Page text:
What if Myers simply isn’t a .300 hitter? What if his 2011 season wasn’t just due to injuries? What if the league adjusts to Myers and he never adjusts back? And what if, at the same time, he can’t handle center field in the majors, and he becomes a right fielder-only who is a good, but not great hitter?

For our last search, we’ll look for tall outfielders who hit under .300 with less than 30 homers and more than 125 strikeouts. There were four players who had more than three such seasons:

                   
Rk        Name       Yrs
1   Mike Cameron    10
2     B.J. Upton     6
3       Rob Deer     6
4    Pat Burrell     4

I’ll rule out Deer, who had significant contact issues that ultimately ended his ability to be a productive hitter. Upton is out too, simply because speed plays way too big of a part in his offensive blueprint to be compared to Myers. Cameron is tempting, because he is the epitome of the power-for-strikeout trade off that many teams made during the late 90′s and 2000′s, but its too hard to ignore the fact that Cameron’s career as a full-time player likely would have been much shorter if it hadn’t been for his defense. Myers doesn’t have anywhere near Cameron’s defensive abilities, and I’d be shocked if he has a prime of less than 10 years. Myers is going to be a major leaguer for at least a decade, we’re just trying to figure out what kind.

That leaves us with Burrell, who fits our criteria well and should give Royals fans a reason to be optimistic while also scared to death.

Burrell had a 12-year major league career in which he hit 292 home runs and won two rings. It’s a career that most major leaguers would trade for in a second. He was also one of the most frustrating players in recent memory.

Burrell looked like a star in the making, posting a .920 OPS and hitting 37 home runs at the age of 25. Soon thereafter, however, the league figured him out and he failed to adjust, keeping him from ever becoming the star Phillies fans had envisioned. Burrell was still talented enough, however, to remain an above-average major leaguer well into his 30s, largely due to his plate discipline and power. Burrell hit over 30 home runs three more times after that, but batted just .248 during the final eight years of full-time action in his career, and a slight decline in bat speed and inability to play the field saw him out of the league by 34.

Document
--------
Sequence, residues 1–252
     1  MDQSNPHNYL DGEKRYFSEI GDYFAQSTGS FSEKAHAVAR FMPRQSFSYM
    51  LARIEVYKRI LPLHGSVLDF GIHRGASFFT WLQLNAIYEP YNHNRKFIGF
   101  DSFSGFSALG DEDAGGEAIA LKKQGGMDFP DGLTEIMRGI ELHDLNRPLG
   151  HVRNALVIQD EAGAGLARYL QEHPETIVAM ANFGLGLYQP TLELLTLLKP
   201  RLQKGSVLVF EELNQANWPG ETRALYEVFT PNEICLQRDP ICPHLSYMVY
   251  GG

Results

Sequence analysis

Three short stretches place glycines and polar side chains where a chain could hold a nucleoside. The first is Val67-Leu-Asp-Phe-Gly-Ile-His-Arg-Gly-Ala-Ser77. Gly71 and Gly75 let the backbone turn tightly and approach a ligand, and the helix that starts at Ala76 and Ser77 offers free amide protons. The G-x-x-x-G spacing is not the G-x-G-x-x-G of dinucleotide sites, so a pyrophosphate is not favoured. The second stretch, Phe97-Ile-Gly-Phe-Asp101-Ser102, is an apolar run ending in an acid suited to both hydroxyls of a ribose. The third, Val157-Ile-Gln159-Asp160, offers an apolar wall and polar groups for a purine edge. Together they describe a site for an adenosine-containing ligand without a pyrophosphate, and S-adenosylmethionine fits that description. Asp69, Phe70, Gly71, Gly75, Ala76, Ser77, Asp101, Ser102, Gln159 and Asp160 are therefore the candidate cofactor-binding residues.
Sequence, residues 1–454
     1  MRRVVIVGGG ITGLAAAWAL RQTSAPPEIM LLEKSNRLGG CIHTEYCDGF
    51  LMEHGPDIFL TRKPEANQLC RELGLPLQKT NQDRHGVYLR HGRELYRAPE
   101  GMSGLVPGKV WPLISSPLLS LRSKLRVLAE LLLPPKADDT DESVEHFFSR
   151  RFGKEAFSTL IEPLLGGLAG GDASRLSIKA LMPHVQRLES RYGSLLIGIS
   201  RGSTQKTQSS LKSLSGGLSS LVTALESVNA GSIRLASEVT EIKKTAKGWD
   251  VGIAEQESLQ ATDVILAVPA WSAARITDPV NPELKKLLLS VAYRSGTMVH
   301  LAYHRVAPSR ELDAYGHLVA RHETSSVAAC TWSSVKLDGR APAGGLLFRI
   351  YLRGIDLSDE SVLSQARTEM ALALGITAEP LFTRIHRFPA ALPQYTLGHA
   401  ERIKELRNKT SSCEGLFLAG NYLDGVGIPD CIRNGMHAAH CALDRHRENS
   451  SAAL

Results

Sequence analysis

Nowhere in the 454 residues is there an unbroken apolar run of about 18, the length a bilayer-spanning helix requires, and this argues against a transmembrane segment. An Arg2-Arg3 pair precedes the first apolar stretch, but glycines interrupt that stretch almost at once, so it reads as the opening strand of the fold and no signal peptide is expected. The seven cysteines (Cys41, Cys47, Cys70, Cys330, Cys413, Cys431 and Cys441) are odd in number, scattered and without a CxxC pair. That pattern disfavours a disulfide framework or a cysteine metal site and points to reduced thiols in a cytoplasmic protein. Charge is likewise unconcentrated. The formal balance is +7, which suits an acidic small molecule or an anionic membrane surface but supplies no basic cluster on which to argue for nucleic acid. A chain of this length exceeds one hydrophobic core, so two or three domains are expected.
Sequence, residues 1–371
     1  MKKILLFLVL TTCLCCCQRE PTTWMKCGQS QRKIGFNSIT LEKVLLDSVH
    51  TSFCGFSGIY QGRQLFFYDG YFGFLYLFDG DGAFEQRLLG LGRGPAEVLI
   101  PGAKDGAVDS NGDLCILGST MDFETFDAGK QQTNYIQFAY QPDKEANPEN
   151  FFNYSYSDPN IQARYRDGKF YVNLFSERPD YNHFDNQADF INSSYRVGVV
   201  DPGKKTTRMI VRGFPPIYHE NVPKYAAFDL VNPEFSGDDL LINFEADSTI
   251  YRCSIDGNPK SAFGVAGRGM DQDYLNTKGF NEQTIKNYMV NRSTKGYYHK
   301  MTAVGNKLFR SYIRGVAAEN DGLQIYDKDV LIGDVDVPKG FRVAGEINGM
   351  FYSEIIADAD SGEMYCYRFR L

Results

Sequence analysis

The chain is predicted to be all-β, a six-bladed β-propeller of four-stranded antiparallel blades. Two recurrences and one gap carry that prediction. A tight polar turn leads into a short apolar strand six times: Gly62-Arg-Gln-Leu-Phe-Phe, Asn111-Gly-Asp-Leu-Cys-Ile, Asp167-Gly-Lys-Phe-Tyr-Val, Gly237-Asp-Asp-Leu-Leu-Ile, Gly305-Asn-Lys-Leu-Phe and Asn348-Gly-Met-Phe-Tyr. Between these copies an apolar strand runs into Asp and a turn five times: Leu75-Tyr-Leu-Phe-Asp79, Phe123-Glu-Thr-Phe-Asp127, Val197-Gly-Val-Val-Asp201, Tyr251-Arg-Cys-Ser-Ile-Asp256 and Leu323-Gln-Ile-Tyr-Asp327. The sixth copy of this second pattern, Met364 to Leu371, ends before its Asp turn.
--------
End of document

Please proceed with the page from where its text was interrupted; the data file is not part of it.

If Myers struggles, it will probably be with a slightly higher average and slightly lower power than Burrell had, but the same profile remains. Myers will offer more defensive value than Burrell, even if he can’t play center field, but it’s not enough to make him more than right around league average if he’s a .260 hitter.

So what do we have in Myers?

The good news with our comps is that Myers should develop into a regular in the Royals lineup for a nice long prime. He is an immensely talented hitter whose risk of falling flat on his face is extremely limited at this point. Could he still fail completely? Of course, any prospect can. But we can be as sure of Myers become at least a league-average hitter as we can of any prospect currently in the minors.

The question is what type of hitter Myers will become. Is he going to be a great all-around hitter like Holliday, who can hit over .300 and hit 30 home runs a season while limiting strikeouts? Or will he do so with moderate power in the 20 homer range instead? Or is the power and strikeout combo the real Myers, and if so, how much will the strikeouts affect his ability to hit for average? And lastly, what happens to Myers when the league ultimately figures him out? Can he adjust?

Our comps of Holliday, Alou, Dye and Burrell lay out the possibilities for Myers in the near future. He should be an impact hitter for the Royals, and likely soon, but there’s no guarantee he’ll be the three-hitter fans are already penciling him in to be.

References & Resources
http://www.baseballamerica.com/online/prospects/rankings/organization-top-10-prospects/2012/2612810.html

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Comments

  1. AaronB said...

    Nice work Jeff, thanks!  It seems like most Royals fans on hanging onto Myers as the bat that will carry them going forward.  More so than Hosmer or Moustakas.  At any rate, the Royals do have some intriguing possibilities, between the 3 mentioned and Escobar, Perez, Gordon, Butler, & Cain.  If they can keep this core together, and if they can continue to reach their potential, it could be a pretty salty lineup for the Royals for several years.  Now if they could just get some SP…

  2. KevinApps said...

    “The final player is Matt Holliday, who works as a strong comp, if only he were a better defender.”

    Holliday doesn’t have a strong arm, but he has been a plus defender overall for his career.